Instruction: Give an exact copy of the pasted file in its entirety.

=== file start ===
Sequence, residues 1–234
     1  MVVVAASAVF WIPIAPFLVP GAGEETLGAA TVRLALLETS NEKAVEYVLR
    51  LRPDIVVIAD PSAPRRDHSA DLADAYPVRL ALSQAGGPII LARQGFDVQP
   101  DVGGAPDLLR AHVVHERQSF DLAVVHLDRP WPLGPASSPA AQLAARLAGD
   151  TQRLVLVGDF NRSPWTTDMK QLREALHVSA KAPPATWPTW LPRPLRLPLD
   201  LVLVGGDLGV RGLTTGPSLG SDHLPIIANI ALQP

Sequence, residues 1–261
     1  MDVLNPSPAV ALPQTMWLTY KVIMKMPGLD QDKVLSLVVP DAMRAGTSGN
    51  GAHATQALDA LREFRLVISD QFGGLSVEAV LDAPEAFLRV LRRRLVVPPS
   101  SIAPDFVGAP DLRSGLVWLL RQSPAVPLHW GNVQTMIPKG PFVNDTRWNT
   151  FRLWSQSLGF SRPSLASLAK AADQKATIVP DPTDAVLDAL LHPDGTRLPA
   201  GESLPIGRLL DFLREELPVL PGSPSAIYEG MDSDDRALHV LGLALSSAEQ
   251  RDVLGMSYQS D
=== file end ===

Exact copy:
Sequence, residues 1–234
     1  MVVVAASAVF WIPIAPFLVP GAGEETLGAA TVRLALLETS NEKAVEYVLR
    51  LRPDIVVIAD PSAPRRDHSA DLADAYPVRL ALSQAGGPII LARQGFDVQP
   101  DVGGAPDLLR AHVVHERQSF DLAVVHLDRP WPLGPASSPA AQLAARLAGD
   151  TQRLVLVGDF NRSPWTTDMK QLREALHVSA KAPPATWPTW LPRPLRLPLD
   201  LVLVGGDLGV RGLTTGPSLG SDHLPIIANI ALQP

Sequence, residues 1–261
     1  MDVLNPSPAV ALPQTMWLTY KVIMKMPGLD QDKVLSLVVP DAMRAGTSGN
    51  GAHATQALDA LREFRLVISD QFGGLSVEAV LDAPEAFLRV LRRRLVVPPS
   101  SIAPDFVGAP DLRSGLVWLL RQSPAVPLHW GNVQTMIPKG PFVNDTRWNT
   151  FRLWSQSLGF SRPSLASLAK AADQKATIVP DPTDAVLDAL LHPDGTRLPA
   201  GESLPIGRLL DFLREELPVL PGSPSAIYEG MDSDDRALHV LGLALSSAEQ
   251  RDVLGMSYQS D